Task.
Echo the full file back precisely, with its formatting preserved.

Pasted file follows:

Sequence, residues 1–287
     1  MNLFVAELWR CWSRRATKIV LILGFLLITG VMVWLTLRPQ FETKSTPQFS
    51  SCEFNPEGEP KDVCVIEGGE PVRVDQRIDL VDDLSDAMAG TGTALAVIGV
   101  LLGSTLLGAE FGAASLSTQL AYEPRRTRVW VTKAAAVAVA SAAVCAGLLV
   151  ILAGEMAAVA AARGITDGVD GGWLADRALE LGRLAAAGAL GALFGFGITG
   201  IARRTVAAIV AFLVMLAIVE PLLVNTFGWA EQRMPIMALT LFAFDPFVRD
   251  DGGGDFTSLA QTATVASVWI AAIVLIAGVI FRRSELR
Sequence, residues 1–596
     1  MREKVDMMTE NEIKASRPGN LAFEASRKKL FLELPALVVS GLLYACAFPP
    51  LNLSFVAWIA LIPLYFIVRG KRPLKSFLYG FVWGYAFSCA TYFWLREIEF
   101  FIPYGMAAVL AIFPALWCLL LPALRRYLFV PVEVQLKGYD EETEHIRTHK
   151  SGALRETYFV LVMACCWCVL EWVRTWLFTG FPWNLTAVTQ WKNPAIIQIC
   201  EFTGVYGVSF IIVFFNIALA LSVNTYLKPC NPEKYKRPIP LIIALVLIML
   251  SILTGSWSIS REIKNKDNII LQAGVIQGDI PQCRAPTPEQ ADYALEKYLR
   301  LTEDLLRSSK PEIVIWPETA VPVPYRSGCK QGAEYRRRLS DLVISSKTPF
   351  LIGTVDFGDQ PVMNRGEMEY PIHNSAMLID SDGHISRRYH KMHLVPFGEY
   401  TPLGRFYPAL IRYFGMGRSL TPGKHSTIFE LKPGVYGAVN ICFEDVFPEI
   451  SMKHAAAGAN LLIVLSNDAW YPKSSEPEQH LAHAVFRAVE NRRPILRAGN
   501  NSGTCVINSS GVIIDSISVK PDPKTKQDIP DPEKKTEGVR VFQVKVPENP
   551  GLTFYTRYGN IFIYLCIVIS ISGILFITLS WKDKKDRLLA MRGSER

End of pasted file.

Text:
Sequence, residues 1–287
     1  MNLFVAELWR CWSRRATKIV LILGFLLITG VMVWLTLRPQ FETKSTPQFS
    51  SCEFNPEGEP KDVCVIEGGE PVRVDQRIDL VDDLSDAMAG TGTALAVIGV
   101  LLGSTLLGAE FGAASLSTQL AYEPRRTRVW VTKAAAVAVA SAAVCAGLLV
   151  ILAGEMAAVA AARGITDGVD GGWLADRALE LGRLAAAGAL GALFGFGITG
   201  IARRTVAAIV AFLVMLAIVE PLLVNTFGWA EQRMPIMALT LFAFDPFVRD
   251  DGGGDFTSLA QTATVASVWI AAIVLIAGVI FRRSELR
Sequence, residues 1–596
     1  MREKVDMMTE NEIKASRPGN LAFEASRKKL FLELPALVVS GLLYACAFPP
    51  LNLSFVAWIA LIPLYFIVRG KRPLKSFLYG FVWGYAFSCA TYFWLREIEF
   101  FIPYGMAAVL AIFPALWCLL LPALRRYLFV PVEVQLKGYD EETEHIRTHK
   151  SGALRETYFV LVMACCWCVL EWVRTWLFTG FPWNLTAVTQ WKNPAIIQIC
   201  EFTGVYGVSF IIVFFNIALA LSVNTYLKPC NPEKYKRPIP LIIALVLIML
   251  SILTGSWSIS REIKNKDNII LQAGVIQGDI PQCRAPTPEQ ADYALEKYLR
   301  LTEDLLRSSK PEIVIWPETA VPVPYRSGCK QGAEYRRRLS DLVISSKTPF
   351  LIGTVDFGDQ PVMNRGEMEY PIHNSAMLID SDGHISRRYH KMHLVPFGEY
   401  TPLGRFYPAL IRYFGMGRSL TPGKHSTIFE LKPGVYGAVN ICFEDVFPEI
   451  SMKHAAAGAN LLIVLSNDAW YPKSSEPEQH LAHAVFRAVE NRRPILRAGN
   501  NSGTCVINSS GVIIDSISVK PDPKTKQDIP DPEKKTEGVR VFQVKVPENP
   551  GLTFYTRYGN IFIYLCIVIS ISGILFITLS WKDKKDRLLA MRGSER